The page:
Saturday, November 30, 2013


The main floor of the Book Fair at Short Run 2013. 

Short Run is one of those gifts of the gods that appear every so often. It's a wonderful thing bestowed upon us humans, and we didn't even know we needed it until it descends from divine regions into our midst.

Short Run is a small press festival focused on zines, comics, small presses, independent publishers, and homemade animation. Last year, Short Run was located at Vera Project at Seattle Center. This year, it moved to Washington Hall near the Seattle University campus. The main room of the Book Fair seemed to be a much better space overall. It was still too crowded, though, which is a good problem to have for all of these artists, illustrators, and writers. But I didn't like having to fight to move from table to table.


I made a couple new discoveries.

One of my favorite artists there was Kinoko. I purchased her The Epic of Gilgamesh, both volumes #1 and #2. These comics loosely follow tales of Gilgamesh with a fresh updating of the stories. The artwork is filled with bold lines and Mesopotamian flavors. The look of the characters reminds me of illustrations I encountered somewhere in my childhood, but can't quite figure out in what book or from what illustrator. But that's okay because these works speak for themselves. See more of Kinoko's work HERE.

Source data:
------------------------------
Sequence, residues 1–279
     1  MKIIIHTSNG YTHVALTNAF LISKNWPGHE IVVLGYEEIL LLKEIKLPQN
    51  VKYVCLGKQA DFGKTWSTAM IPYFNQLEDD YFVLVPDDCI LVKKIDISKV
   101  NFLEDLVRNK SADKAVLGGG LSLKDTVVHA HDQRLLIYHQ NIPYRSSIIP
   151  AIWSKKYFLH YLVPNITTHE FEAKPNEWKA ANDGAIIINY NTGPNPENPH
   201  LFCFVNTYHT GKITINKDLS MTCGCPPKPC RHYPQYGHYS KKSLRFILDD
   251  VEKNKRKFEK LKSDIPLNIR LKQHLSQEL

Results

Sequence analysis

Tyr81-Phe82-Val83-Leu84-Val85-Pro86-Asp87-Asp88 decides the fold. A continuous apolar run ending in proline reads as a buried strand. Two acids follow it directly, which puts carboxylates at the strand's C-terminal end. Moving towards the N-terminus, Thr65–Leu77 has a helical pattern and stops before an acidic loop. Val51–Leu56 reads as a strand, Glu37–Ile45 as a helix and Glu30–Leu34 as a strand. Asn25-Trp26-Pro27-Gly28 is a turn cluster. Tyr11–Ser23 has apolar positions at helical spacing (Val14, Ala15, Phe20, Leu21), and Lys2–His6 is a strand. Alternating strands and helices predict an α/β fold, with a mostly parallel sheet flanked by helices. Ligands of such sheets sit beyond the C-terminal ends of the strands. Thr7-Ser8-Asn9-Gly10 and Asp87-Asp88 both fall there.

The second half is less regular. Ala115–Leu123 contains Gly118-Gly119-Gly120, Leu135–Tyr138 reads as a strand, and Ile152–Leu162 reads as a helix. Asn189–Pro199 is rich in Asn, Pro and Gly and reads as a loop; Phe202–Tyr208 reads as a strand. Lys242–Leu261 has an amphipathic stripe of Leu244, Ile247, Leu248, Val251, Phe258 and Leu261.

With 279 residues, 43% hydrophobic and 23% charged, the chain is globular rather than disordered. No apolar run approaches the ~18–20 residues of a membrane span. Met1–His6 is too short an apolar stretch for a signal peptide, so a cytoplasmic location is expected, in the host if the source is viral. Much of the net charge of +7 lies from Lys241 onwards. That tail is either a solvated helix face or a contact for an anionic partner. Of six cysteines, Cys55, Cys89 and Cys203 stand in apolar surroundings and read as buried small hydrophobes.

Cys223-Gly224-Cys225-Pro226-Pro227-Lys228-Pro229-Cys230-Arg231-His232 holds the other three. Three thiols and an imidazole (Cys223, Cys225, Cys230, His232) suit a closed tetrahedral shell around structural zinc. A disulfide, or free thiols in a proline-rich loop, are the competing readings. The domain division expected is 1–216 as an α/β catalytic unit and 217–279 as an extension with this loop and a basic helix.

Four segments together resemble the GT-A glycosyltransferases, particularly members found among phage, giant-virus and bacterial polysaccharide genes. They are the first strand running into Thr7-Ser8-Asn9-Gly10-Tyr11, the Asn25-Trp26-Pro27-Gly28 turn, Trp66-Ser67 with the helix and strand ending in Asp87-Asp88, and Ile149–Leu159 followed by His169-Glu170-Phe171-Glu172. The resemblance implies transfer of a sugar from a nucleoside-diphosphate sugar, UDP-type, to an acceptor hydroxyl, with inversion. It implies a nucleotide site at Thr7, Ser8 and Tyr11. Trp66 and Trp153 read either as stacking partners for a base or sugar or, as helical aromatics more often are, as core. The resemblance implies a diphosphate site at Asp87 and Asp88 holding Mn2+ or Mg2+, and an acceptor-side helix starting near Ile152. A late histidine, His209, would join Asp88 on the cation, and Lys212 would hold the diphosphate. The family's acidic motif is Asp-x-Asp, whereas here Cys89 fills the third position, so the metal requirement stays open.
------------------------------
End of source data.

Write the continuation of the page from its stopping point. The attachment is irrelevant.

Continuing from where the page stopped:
One of my favorite small publishers there was Little Otsu. Their stable of authors, artists, and illustrators have an aesthetic that feels shared. The works are magical and soft, filled with flora and fauna that inhabit a world perhaps known as Otsu. I like the childlike atmosphere that this world has, even though the works themselves don't feel childlike. See some of what Little Otsu has to offer HERE.